India’s Styrenix plans ABS, PS capacity expansions in Gujarat

MUMBAI (ICIS)–India’s Styrenix Performance Materials (SPM) expects to begin operations at its expanded acrylonitrile butadiene styrene (ABS) and polystyrene (PS) capacities at Dahej and Nandesari in the western Gujarat state before 2028, a company source said on Friday. SPM plans to invest Rs6.5bn ($78m) on the expansion projects. Its ABS capacity will grow to 210,000 tonnes/year over the next four years, from 85,000 tonnes/year currently; while its PS capacity will be raised to 150,000 tonnes/year over the next three years from the current 66,000 tonnes/year, based on the plan released in October 2023. Funding the brownfield expansions will be through a mix of internal accruals and debt, SPM said. “The expansion will be done in a phased manner and capacity will be increased gradually over the next few years,” the company source said. The expansion of production capacities will help SPM meet increasing domestic demand for ABS and PS, he sai. “We expect to see robust growth in in our existing markets like automobiles, household appliances, medical devices, electronics, [among others],” the source said. SPM is formerly known as INEOS Styrolution India. It was renamed in January 2023 after INEOS Styrolution sold its entire stake in the company to Shiva Performance Material in August 2022. ($1 = Rs83)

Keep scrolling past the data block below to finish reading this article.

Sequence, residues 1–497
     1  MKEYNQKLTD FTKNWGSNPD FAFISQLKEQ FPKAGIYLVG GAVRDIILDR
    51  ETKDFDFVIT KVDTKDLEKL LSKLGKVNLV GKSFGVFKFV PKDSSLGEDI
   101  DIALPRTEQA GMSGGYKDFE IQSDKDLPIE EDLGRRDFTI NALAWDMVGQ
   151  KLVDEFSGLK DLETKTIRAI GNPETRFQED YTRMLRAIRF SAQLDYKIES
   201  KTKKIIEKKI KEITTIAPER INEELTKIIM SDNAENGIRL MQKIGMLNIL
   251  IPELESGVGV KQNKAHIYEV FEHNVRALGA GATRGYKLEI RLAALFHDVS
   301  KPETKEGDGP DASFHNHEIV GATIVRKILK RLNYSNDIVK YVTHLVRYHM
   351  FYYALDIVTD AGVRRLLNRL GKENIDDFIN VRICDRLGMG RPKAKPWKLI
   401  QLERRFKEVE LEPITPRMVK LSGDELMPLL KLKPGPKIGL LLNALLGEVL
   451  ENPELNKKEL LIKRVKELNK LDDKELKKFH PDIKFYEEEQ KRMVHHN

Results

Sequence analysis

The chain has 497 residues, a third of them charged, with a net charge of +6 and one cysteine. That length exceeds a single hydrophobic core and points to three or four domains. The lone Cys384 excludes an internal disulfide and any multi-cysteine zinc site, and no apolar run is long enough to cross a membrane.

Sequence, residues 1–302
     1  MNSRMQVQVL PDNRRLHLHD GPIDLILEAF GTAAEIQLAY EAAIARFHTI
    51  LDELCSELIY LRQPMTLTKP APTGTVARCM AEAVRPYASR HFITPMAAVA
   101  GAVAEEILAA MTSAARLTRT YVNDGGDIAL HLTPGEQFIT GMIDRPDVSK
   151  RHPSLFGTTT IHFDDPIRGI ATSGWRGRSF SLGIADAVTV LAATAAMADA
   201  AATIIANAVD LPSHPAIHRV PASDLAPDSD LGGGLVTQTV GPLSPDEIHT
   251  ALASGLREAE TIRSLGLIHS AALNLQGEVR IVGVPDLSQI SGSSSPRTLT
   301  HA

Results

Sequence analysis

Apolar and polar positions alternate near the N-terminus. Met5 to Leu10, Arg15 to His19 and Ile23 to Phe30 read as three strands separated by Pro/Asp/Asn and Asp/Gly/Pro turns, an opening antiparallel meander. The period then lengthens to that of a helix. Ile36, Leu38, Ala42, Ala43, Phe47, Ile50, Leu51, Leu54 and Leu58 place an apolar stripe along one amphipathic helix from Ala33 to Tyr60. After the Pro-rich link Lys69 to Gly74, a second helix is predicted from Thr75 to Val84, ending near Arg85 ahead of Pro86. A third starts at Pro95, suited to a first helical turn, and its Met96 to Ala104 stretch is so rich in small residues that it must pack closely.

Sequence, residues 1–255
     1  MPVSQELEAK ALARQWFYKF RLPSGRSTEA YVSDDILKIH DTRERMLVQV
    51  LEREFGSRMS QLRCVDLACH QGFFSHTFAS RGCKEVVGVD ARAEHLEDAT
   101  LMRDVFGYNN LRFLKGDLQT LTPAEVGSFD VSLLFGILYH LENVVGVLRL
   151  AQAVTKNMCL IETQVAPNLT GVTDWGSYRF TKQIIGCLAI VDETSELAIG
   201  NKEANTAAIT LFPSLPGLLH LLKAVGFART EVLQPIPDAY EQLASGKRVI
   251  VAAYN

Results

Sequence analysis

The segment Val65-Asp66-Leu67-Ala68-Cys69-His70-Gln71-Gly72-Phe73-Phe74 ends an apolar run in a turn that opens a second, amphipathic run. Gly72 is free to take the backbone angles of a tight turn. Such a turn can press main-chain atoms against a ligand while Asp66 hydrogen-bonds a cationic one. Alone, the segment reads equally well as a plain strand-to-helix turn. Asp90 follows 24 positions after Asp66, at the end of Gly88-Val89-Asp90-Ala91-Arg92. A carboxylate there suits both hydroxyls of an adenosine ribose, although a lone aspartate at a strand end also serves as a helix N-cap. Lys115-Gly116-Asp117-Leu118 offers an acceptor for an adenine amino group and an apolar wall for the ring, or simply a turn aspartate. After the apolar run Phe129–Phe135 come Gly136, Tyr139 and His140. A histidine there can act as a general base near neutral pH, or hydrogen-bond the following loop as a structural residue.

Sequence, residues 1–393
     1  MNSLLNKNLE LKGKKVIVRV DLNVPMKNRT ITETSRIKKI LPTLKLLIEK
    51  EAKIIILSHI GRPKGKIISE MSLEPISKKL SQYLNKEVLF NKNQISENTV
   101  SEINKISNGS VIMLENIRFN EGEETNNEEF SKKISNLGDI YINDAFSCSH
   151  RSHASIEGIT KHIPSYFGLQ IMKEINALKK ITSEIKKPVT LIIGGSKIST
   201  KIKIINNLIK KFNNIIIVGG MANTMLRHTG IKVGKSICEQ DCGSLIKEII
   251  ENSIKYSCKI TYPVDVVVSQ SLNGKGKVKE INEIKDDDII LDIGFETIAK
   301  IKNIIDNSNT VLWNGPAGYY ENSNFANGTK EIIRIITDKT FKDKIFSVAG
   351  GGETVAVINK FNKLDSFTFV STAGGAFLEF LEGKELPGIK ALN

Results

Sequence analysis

16-Feb-2024

Asia top stories – weekly summary